There are studies for people who have certain diseases or disorders, and there are also studies for healthy individuals. You can use ClinicalTrials.gov to search through a database of over 300,000 different research studies around the world.

Join a focus group

Focus groups are hosted by companies who are looking for feedback on products, services, ads, TV shows, movie trailers, and more. Participating in a focus group usually pays around $200 for a couple of hours.

You can find jobs through sites like Respondent, Fieldwork, and FocusGroup.com.

Become a Pinterest Virtual Assistant

As a teacher, you’re probably already pretty familiar with Pinterest – it’s a great place to find lesson plan ideas and printables. But, did you know that online business owners and bloggers have a high need for Pinterest virtual assistants?

As a Pinterest VA, you are responsible for:

  • Optimizing images
  • Pinpointing keywords and categories for your clients
  • Knowing how to Pin strategically
  • Knowing which image titles are going to work and which ones you should avoid
  • Troubleshooting for your clients
  • Creating a Pinning schedule

Pinterest VAs make an average of $500 per month/per client, and it’s a great side hustle for teachers because it’s something you can scale up as you grow your client list.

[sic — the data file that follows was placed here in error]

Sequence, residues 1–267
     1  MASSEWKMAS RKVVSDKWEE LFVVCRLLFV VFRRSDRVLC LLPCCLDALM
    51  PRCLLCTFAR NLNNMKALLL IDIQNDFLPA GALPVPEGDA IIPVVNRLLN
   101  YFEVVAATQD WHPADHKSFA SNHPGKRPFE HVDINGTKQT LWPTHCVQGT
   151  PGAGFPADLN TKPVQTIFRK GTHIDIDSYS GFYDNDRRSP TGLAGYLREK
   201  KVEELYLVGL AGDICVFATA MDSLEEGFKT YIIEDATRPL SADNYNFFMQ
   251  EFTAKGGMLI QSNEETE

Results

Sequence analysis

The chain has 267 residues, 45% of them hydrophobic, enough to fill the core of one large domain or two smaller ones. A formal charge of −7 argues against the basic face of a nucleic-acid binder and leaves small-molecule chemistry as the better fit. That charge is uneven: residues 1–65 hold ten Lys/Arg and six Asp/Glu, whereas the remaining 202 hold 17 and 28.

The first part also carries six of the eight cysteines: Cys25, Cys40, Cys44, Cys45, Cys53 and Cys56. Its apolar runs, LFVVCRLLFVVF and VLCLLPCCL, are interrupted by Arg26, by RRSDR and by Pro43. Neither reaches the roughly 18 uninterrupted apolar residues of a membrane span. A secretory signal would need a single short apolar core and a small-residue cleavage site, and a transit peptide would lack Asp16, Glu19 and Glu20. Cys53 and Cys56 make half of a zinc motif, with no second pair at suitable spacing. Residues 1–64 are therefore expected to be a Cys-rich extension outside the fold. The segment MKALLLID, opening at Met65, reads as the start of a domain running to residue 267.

If this sounds like the kind of side gig you’d be interested in, the Pinterest Virtual Assistant Course by Kristin Larsen and Gina Horkey gives you the training you need (there’s a lot more to this side hustle than just Pinning images) and this course can even help you find your first client.

Click on the Pinterest Virtual Assistant Course to learn more and hear some success stories.

Flip furniture

This is really a great side hustle for anyone because the cost of your inventory is so incredibly low, as in you can find free furniture sitting on the curb. The stuff people put out is usually in decent shape structurally, but they probably just don’t want to deal with taking the time to donate or sell it.

Once you grab your curb find, you may need to paint, tighten joints, sand, put new hardware on, reupholster, etc. More often than not, you won’t have to do much work before the piece is ready to sell.

In addition to finding furniture on the curb, Goodwill, thrift stores, Craigslist, and garage sales are good places to source your inventory – just keep your costs low to maximize your earnings! For selling your flips, Facebook Marketplace and neighborhood forums are excellent places to list your work.

Question for you:

Have you tried any of these side hustles?